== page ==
Tuesday is the deadline for multiple Florida auto body shops to file a new complaint against insurers in a case alleging steering and price-fixing by auto…
While the OEM spent much of the Guild 21 call discussing its certified collision repair program, BMW also last week explained its views on items ranging from the high-profile topic of diagnostics position statements to the niche concept of interior trim repair.
Here’s our reporter’s notebook of some of the highlights:
Scanning position statement?
BMW doesn’t have a position statement about diagnostics and recalibration — both of which might be needed after something as basic as removing and reinstalling a mirror — BMW insurance manager Joshua Fahlbush said during the Thursday VeriFacts Guild 21 call.
“We don’t have them,” he said.
Instead, “those are documented in our repair instructions,” he said.
BMW allows a shop to use the last seven digits of a VIN number to retrieve OEM repair procedures tailored to that specific vehicle’s configuration, according to Fahlbush. Given that, a generic position statement would indeed seem redundant and imprecise.
Certified Collision Repair Centres can get those repair procedures for free; other shops can pay to obtain them through the BMW Tech Info website.
Certified BMW shops must install “new OEM parts only,” Fahlbush said in response to a question about recycled parts.
“Within the CCRC network it is required, strictly at 100 percent new OEM parts,” he said.
Fahlbush described BMW’s position as “kind of sweeping,” and it doesn’t want alternative parts used by uncertified shops either.
A recycled part, he said, was “outside of our chain of custody” — BMW has no way of knowing if it was recalled or what else happened to the part before it was brought to the shop.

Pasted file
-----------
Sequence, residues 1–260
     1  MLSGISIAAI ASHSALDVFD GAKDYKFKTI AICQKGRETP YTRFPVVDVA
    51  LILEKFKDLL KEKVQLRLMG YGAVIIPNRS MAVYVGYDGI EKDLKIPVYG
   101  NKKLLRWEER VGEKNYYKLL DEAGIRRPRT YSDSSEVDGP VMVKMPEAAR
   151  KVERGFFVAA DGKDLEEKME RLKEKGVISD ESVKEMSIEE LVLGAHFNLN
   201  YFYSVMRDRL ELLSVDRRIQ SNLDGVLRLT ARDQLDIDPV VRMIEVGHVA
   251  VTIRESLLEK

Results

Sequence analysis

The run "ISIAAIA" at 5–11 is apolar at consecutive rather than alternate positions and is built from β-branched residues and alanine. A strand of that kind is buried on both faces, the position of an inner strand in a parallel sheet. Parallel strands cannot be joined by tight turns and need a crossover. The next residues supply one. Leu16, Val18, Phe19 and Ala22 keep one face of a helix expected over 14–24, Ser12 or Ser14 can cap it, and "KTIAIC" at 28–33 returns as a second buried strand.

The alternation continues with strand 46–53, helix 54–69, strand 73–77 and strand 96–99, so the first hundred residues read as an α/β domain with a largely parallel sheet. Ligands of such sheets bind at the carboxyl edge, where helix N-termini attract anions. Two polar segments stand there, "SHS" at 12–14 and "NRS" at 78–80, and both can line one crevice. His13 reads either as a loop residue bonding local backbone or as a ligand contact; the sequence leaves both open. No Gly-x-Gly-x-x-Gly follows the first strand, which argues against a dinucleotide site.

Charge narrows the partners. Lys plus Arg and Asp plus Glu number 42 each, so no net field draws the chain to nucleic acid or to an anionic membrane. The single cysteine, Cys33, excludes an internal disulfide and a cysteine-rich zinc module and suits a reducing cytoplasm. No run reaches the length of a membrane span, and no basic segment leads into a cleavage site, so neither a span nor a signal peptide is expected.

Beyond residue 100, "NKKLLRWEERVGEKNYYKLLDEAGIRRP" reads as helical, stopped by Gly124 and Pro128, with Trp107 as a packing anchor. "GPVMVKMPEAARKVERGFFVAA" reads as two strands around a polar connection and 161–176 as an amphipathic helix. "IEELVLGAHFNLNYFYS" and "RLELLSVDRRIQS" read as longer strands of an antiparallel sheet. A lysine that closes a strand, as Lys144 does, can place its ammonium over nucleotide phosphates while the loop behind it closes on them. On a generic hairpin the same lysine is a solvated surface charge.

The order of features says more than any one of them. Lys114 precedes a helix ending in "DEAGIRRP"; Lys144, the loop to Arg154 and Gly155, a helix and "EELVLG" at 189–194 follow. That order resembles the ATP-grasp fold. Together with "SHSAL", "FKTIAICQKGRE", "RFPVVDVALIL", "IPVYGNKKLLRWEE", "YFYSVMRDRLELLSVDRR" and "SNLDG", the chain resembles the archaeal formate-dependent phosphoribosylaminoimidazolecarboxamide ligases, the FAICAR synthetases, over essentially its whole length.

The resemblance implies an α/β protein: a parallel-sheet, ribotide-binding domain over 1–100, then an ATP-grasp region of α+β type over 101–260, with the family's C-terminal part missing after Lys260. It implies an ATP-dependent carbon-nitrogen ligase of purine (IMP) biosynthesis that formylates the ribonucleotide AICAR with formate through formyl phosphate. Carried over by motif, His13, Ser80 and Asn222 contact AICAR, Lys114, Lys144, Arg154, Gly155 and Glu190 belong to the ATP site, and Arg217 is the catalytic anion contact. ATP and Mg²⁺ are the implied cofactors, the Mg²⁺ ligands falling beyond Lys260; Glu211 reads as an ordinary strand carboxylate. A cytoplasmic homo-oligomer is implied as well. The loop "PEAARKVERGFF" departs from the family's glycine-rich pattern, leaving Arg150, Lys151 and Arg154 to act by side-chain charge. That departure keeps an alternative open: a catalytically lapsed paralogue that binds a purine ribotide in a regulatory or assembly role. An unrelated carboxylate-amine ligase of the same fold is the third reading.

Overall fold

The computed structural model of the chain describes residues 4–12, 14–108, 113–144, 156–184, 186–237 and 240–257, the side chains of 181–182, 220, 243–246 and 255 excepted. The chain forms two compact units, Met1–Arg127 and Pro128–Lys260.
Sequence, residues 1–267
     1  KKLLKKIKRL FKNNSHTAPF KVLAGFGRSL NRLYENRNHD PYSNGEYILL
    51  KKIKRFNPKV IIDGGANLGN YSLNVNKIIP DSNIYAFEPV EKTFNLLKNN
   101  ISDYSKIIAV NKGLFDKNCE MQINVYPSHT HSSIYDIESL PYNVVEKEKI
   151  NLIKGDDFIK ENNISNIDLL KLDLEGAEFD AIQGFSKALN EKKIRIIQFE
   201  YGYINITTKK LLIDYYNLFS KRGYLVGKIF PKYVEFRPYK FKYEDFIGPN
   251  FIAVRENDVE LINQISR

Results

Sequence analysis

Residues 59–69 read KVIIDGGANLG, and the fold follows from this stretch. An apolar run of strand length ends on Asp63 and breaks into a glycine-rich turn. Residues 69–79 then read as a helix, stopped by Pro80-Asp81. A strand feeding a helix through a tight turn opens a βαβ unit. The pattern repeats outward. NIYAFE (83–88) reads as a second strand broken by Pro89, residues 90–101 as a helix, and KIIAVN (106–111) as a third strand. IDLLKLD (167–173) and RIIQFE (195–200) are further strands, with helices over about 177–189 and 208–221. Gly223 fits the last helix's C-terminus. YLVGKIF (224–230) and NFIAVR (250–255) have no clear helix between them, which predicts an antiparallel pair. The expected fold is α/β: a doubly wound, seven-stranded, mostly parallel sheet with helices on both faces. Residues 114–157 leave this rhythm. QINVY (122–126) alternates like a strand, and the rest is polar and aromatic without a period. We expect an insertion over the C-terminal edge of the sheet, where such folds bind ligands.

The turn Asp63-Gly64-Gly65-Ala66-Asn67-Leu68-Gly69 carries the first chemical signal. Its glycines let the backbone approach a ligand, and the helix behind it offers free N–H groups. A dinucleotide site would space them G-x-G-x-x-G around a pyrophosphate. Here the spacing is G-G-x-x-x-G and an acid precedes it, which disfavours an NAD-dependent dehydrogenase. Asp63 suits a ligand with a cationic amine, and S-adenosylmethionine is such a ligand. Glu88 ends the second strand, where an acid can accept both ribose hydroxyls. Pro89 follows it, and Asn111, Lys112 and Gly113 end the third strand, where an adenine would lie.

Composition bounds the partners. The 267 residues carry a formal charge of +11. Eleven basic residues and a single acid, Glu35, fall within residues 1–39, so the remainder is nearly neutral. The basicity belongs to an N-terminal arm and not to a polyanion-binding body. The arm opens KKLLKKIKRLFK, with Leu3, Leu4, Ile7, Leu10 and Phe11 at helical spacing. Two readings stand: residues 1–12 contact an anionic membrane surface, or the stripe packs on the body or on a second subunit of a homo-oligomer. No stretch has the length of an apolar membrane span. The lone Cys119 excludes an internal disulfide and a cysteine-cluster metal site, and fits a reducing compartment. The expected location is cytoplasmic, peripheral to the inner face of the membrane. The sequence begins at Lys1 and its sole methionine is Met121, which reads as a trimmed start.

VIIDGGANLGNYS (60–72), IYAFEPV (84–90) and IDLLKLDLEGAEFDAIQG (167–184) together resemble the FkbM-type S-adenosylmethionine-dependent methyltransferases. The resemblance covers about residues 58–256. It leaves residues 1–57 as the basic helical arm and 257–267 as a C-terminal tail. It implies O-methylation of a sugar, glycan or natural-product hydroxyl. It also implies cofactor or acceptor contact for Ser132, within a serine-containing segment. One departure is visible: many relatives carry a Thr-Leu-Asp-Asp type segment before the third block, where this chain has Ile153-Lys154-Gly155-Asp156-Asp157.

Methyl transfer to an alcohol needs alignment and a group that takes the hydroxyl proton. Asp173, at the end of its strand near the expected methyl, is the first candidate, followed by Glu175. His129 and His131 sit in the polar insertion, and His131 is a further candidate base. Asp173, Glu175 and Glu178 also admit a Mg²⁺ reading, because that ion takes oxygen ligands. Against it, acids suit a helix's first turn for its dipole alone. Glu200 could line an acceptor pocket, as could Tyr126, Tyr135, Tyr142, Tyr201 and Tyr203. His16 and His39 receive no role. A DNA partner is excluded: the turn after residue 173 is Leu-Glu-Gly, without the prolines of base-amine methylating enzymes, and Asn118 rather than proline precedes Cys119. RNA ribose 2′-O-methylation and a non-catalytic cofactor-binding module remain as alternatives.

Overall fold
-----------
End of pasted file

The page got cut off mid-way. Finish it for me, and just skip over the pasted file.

“We totally and truly respect alternative solutions out there,” BMW wholesale, body and paint, insurance and R3 manager Marcos Ehmann said, but he agreed “100 percent” with Fahlbush.
Instead of allowing alternative parts, BMW provides a shop with support so an offer can be made “in an attractive way,” Ehmann said. It was unclear if this was a reference to BMW price cuts for new OEM parts or support aimed at reducing insurer costs through other certified shop best practices (such as going lean).
Find out about repair procedures, shop liability during Repairer Driven Education
Learn more about the technology increasingly found on the U.S. vehicle fleet and what it could mean from your shop during “The Impact of Advanced Vehicle Systems on Routine Repair Process and Procedure” and “The Hidden Dangers of Vehicle Technology, Improper Repair Methodology and Your Liabilities” Nov. 2 at the OEM Collision Repair Technology Summit during the SEMA Show in Las Vegas. Space will be limited; early registration is encouraged. The sessions are part of the Society of Collision Repair Specialists Repairer Driven Education Series Oct. 30-Nov. 3. Register here for the three OEM Summit classes or the series pass package deal, which includes the entire week of classes, all three parts of the OEM Summit and the Nov. 2 Sky Villa afterparty.
Bonding and riveting
Asked why BMW demands collision repairers rivet vehicles that the automaker welded together in the factory, Fahlbush described it as a quality control technique.
“We can basically confirm that the repair is done right and will hold up in a subsequent accident,” he said.
Directing shops to bond and rivet vehicles might produce a more consistent outcome than hoping various repairers across the country weld the cars correctly and identically.
“It takes out a lot of the guesswork in terms of ‘Are my weld penetrations good enough, was my welder set up correctly that day, was I having a bad day, did I miss a spot’?” Fahlbush said.
The other reason is corrosion protection, Fahlbush said. BMW conducted a 12-year test on corrosion of a bonded and riveted joint, and it proved “decisive” the area would receive adequate protection, he said.
Want to try and fix the vinyl and leather trim inside a customer’s BMW? You can, but you’ll have to figure out how to do it yourself, Fahlbush said.
The OEM doesn’t prohibit interior trim or leather repair, but it doesn’t have instructions on how to do so, he said.
“It’s not against our practice in any particular sense,” he said.
Featured image: Three BMW 2 Series variants are on display in 2016. (Tramino/iStock)